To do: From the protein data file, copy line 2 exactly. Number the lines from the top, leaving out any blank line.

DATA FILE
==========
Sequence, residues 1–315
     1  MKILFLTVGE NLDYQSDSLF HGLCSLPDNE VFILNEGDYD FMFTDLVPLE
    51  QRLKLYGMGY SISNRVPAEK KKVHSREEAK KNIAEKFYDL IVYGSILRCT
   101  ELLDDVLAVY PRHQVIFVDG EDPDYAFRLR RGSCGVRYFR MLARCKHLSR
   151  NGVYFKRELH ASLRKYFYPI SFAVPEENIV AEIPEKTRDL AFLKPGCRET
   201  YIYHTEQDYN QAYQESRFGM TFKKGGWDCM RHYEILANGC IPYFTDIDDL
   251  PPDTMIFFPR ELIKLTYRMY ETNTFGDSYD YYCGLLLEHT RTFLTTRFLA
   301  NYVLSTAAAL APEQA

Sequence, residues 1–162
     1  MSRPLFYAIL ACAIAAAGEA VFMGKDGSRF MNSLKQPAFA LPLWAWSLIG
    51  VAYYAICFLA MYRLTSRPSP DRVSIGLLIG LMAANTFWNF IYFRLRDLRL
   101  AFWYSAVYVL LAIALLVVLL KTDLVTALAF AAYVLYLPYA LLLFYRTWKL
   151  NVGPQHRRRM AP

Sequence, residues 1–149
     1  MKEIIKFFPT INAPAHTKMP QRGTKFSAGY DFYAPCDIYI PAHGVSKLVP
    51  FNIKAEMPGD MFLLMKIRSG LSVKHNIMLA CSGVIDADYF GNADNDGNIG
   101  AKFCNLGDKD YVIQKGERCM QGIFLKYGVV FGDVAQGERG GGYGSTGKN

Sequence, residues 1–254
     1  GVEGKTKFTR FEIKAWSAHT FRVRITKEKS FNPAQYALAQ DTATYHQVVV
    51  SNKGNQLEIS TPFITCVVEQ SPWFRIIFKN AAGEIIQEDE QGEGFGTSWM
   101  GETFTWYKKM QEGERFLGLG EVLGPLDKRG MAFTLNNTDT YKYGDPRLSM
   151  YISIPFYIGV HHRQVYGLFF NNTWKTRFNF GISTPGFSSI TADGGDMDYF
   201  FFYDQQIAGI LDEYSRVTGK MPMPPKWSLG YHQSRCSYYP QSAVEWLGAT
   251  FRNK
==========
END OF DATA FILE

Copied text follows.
     1  MKILFLTVGE NLDYQSDSLF HGLCSLPDNE VFILNEGDYD FMFTDLVPLE